The manuscript itself consists of 735 pages, closely written on small quarto letter paper. The first part, as far as the 15th chapter of the first book, is in a small and beautiful Italian hand; being evidently a corrected copy, prepared for the press, without interlineations of any kind. This portion of the volume, however, affords a proof that even the most careful transcription seldom fails to diminish the accuracy of a text; for although it is evident that extraordinary pains have been employed to secure its legibility and correctness, the mistakes which are found in this part of the manuscript, especially in the references to the quotations
are in the proportion of 14 to 1 as compared with those in the remaining three-fifths of the work. The character is evidently that of a female hand, and it is the opinion of Mr. Lemon, whose knowledge of the hand-writing of that time is so extensive that the greatest deference is due to his judgment, that Mary, the second daughter of Milton, was employed as amanuensis in this part of the volume. In corroboration of this conjecture, it may be remarked that some of the mistakes above alluded to are of a nature to induce a suspicion that the transcriber was merely a copyist, or, at most, imperfectly acquainted with the learned languages. For instance, in p. 19, 1. 17, of the Latin volume, the following quotation occurs: Heb. iv. 13. omnia sunt nuda, et ab intimo patentia oculis ejus; where in the manuscript the word patientia is substituted for patentia. This might have been supposed an accidental oversight, occasioned by the haste of the writer; but on turning to the Latin Bible of Junius and Tremellius, which Milton generally uses in his quotations, it will be found that the same error occurs in the edition printed at Geneva, 1630, but not in that printed at London, 1593. This not only seems to fix the precise edition of the Bible from which the texts were copied, but, considering that the mistake is such as could hardly fail to be corrected by the most careless transcriber, provided he understood the sentence, affords a strong presumption that the writer possessed a very moderate degree of scholarship. On the other hand, a great proportion of the errors are precisely such as lead to a supposition that the amanuensis, though no scholar, was to a certain degree acquainted with the language verbally; inasmuch as they generally consist, not of false combinations of letters, but of the substitution of one word for another of nearly similar sound or structure. Of this kind are gloriæ for gratiæ, corruentem for cor autem, nos for non, in ius for ejus, re for rex, imminuitur for innuitur, in quam for inquam, iniquam for inquam, assimulatus for assimilatus, aliena tuæ for alienatiæ, cælorum for czccrum, decere for docere, explorentur for explerentur, examinatis for exanimatis, juraverunt for jejunarunt, errare for orare, &c. &c. Faults of this description, especially considering that very few occur of a different class, and taken in connexion with the opinion of Mr. Lemon stated above, will perhaps remind the reader of a charge which, as Mr. Todd notices, has been brought against the paternal conduct of Milton; 'I mean his teaching his children to read and pronounce Greek and several other languages, without understanding any but English.' This at least is certain, that the transcriber of this part of the manuscript was much employed in Milton's service; for the hand-writing is the same as appears in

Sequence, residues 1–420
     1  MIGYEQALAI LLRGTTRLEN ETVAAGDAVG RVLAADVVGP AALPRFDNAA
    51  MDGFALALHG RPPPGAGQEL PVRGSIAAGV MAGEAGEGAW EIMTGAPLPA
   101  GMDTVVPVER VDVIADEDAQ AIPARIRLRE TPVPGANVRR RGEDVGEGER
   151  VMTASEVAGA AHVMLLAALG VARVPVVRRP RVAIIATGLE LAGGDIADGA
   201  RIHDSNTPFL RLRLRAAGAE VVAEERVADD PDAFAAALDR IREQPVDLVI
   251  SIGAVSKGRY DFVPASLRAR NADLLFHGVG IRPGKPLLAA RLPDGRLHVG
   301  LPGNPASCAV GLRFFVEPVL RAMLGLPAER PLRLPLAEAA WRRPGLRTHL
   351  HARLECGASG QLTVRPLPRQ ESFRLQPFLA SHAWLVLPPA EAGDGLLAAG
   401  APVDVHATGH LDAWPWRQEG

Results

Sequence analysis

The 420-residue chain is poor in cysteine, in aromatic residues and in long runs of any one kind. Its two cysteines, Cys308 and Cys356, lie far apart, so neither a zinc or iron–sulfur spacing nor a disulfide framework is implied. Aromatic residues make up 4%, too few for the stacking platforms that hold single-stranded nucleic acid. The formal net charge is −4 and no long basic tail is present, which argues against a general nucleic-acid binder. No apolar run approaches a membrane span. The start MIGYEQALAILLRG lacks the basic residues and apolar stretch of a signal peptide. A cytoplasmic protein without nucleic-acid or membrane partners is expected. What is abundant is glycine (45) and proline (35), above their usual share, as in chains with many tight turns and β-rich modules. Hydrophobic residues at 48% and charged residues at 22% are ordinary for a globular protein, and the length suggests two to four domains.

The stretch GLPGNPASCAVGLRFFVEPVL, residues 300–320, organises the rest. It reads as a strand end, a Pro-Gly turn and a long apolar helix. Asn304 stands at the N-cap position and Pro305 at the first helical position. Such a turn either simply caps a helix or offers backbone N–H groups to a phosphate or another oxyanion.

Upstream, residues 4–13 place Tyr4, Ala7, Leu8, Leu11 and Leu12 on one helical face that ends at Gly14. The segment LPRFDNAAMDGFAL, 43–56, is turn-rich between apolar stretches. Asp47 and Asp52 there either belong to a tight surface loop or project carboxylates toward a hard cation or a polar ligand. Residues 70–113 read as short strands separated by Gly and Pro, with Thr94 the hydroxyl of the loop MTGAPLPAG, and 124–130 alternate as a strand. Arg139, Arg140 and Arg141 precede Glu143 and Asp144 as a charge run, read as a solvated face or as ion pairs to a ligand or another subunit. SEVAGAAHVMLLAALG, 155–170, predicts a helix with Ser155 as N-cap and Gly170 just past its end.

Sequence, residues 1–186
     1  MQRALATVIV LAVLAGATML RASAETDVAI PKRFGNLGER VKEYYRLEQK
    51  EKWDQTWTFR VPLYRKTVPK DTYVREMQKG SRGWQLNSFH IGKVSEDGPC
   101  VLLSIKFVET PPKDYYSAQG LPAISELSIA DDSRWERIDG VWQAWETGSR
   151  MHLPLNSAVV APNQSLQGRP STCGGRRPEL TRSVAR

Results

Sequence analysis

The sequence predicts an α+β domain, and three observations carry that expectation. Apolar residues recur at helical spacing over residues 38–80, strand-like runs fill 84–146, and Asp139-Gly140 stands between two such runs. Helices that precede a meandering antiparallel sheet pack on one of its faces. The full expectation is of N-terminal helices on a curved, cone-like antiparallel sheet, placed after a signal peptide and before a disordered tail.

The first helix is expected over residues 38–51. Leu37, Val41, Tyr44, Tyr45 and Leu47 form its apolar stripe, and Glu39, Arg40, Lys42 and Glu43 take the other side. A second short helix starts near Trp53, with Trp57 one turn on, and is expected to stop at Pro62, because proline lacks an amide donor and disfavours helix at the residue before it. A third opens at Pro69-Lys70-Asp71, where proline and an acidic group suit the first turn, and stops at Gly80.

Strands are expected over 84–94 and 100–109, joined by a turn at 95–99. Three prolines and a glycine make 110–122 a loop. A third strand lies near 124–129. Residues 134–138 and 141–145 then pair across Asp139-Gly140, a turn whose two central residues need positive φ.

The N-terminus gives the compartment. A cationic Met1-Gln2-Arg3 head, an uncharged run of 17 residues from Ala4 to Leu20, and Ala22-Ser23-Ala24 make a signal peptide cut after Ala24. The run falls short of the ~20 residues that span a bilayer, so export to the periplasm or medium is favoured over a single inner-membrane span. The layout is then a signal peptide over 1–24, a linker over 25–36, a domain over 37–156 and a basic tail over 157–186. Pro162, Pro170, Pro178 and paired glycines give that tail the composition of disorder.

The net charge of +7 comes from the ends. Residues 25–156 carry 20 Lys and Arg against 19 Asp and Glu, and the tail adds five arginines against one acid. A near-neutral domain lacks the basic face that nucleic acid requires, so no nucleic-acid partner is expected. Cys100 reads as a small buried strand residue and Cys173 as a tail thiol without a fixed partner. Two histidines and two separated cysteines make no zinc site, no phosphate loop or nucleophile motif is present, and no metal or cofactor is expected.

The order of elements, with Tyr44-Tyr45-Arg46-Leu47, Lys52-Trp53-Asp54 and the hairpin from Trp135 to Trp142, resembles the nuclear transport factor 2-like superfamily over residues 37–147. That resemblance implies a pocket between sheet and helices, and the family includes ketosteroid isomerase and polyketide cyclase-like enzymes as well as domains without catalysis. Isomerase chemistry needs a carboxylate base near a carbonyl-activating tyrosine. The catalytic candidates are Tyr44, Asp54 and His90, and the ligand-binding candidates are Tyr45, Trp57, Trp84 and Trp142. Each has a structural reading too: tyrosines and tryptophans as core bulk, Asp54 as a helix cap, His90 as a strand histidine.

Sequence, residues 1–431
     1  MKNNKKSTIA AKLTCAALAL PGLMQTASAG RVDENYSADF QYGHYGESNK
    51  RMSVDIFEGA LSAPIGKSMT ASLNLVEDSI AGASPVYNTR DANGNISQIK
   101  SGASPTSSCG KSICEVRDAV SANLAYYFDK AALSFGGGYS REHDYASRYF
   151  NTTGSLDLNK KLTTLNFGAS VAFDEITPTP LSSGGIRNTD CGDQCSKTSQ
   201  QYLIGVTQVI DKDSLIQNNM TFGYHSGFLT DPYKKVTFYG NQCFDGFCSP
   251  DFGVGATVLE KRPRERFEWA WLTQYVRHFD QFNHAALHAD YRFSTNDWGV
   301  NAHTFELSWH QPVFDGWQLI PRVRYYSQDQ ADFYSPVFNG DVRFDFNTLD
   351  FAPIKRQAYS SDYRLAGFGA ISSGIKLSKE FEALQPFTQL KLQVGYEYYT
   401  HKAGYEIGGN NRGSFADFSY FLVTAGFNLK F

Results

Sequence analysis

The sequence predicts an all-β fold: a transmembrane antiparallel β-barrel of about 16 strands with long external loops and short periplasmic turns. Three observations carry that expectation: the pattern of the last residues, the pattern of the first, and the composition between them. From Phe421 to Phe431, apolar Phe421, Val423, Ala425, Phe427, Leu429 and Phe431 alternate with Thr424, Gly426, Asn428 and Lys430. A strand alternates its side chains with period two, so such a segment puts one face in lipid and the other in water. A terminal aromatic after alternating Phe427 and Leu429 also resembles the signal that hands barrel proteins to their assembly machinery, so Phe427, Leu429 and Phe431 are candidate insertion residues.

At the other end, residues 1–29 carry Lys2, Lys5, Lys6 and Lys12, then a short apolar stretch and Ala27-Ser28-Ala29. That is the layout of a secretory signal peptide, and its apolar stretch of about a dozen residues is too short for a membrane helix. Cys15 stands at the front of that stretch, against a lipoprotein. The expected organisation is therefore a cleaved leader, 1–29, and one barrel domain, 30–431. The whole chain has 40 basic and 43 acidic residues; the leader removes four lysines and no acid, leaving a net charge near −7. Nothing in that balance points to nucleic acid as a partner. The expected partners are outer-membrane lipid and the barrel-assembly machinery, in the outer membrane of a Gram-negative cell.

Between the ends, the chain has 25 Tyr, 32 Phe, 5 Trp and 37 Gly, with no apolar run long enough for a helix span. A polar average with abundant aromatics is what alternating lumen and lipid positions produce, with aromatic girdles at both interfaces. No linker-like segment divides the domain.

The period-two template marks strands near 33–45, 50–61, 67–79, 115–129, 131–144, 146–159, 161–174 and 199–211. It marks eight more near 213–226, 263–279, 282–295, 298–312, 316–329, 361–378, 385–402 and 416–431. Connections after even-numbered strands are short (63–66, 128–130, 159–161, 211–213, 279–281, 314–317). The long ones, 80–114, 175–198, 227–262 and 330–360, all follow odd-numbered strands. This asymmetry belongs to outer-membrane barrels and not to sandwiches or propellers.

3 Some Account of the Life and Writings of Milton. Vol. I. p. 161.
the fair copy of the Latin letters, discovered, as has been mentioned, in the press which contained the present treatise.*
The remainder of the manuscript is in an entirely different hand, being a strong upright character, supposed by Mr. Lemon to be the hand-writing of Edward Philipps, the nephew of Milton. This part of the volume is interspersed with numerous interlineations and corrections, and in several places with small slips of writing pasted in the margin. These corrections are in two distinct hand-writings, different from the body of the manuscript, but the greater part of them undoubtedly written by the same person who transcribed the first part of the volume. Hence it is probable that the latter part of the MS. is a copy transcribed by Philipps, and finally revised and corrected by Mary and Deborah Milton from the dictation of their father, as many of the alterations bear a strong resemblance to the reputed hand-writing of Deborah, the youngest daughter of Milton, in the manuscripts preserved in the Library of Trinity Col